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Wednesday, November 13, 2013

Soundtrack for "The Yellow Wallpaper"

Jordan Miller
Option 2
Charlotte Perkins Gilman tells the tale of a fascinating woman in her short story, “The Yellow Wallpaper.”  The story begins with an unnamed woman explaining that she and her husband, John, are staying at “a colonial mansion” for the summer (Gilman 87).  John claims they are “here solely on [her] account” (Gilman 89).  The woman explains that she believes she is sick, but that her husband claims she has “temporary nervous depression” (Gilman 87).  It is clear that the woman is not satisfied with this diagnosis when she questions, “If a physician of high standing, and one’s own husband, assures…that there is really nothing the matter…what can one do?” (Gilman 87).  She feels her husband does not believe her, and does not even try to convince him otherwise.  This reminds me of the song “You Got Me All Wrong” by Dios Malos.  I picture the woman sitting on her bed as her husband walks out the door for work, alone and desolate, while this song plays in the background.  The singer is repetitive with the verse, “you got me all wrong.”  This song represents how the woman feels misunderstood by her husband. 
When the woman realizes that her husband will not believe her, she resorts to writing so she can sort her thoughts.  This reminds me of song “So Much to Say” by Dave Matthews Band because of the lyrics: “I say my hell is the closet I’m stuck inside…Keep it locked up inside, don’t talk about it…So much to say, so much to say.”  She keeps her writing hidden from John, and his sister, Jennie; these are the only two people she sees day-by-day.  Otherwise, she is isolated in her room.  The song “Summertime Sadness” by Lana Del Rey is applicable here, because it describes how the woman feels—she has “summertime sadness” and no one to listen or help with her strife.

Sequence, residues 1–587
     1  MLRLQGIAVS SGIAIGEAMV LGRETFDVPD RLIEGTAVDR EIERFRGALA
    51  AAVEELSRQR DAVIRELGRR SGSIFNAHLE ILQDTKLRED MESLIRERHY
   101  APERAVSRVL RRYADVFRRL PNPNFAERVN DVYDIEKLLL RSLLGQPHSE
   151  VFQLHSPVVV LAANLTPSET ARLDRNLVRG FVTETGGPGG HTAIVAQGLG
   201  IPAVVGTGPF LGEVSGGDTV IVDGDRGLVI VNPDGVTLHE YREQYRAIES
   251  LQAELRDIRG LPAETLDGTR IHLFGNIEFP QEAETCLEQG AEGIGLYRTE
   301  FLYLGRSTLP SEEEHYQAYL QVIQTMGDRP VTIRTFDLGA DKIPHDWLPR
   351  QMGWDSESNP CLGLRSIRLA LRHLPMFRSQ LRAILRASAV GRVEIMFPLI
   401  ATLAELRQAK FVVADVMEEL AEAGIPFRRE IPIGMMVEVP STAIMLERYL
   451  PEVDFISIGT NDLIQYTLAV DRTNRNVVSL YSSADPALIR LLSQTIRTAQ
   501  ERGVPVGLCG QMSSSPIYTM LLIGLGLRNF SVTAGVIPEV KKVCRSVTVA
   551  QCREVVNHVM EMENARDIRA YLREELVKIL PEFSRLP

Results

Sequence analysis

Through the story, the woman slowly starts to become more psychotic.  She becomes fixated on the yellow wallpaper lining her room, and notices a “woman stooping down and creeping behind the pattern” (Gilman 94).  The song “Head Full of Doubt/Heart Full of Pain” by The Avett Brothers could play in this scene.  They sing: “There’s a darkness upon me that’s flooded in light. In the fine print they tell me what’s wrong and what’s right. And it comes in black and it comes in white, and I’m frightened by those who don’t see it.” John and Jennie tell her what to do and she obeys and rests.  While the woman lays in her bed at night, she watches the woman in paper, especially “by moonlight” (Gilman 96).  She never tells John about the woman she sees because she is afraid he will not see it or believe her.  Day after day, the woman lies in bed and crawls at night, trying to make a plan for the woman to escape from behind the bars.

Finally, at the end of the story, I picture the song “Supergirl” by Krystal Harris playing in the background.  I imagine the woman’s feelings resonate with the lyrics: “I’m supergirl and I’m here to save the world.” The woman’s goal was to free the woman behind the bars, and she finally succeeds.  She triumphantly says, “I’ve got out at last…in spite of you…And I’ve pulled off most of the paper, so you can’t pull me back!” (Gilman 102).  The woman is proud of her accomplishment—finally she, and the woman behind the paper, are free.
Gilman, Charlotte P. “The Yellow Wallpaper.” American Gothic Tales. Joyce Carol Oates. New York: Plume, 1996. 87-102. Print.

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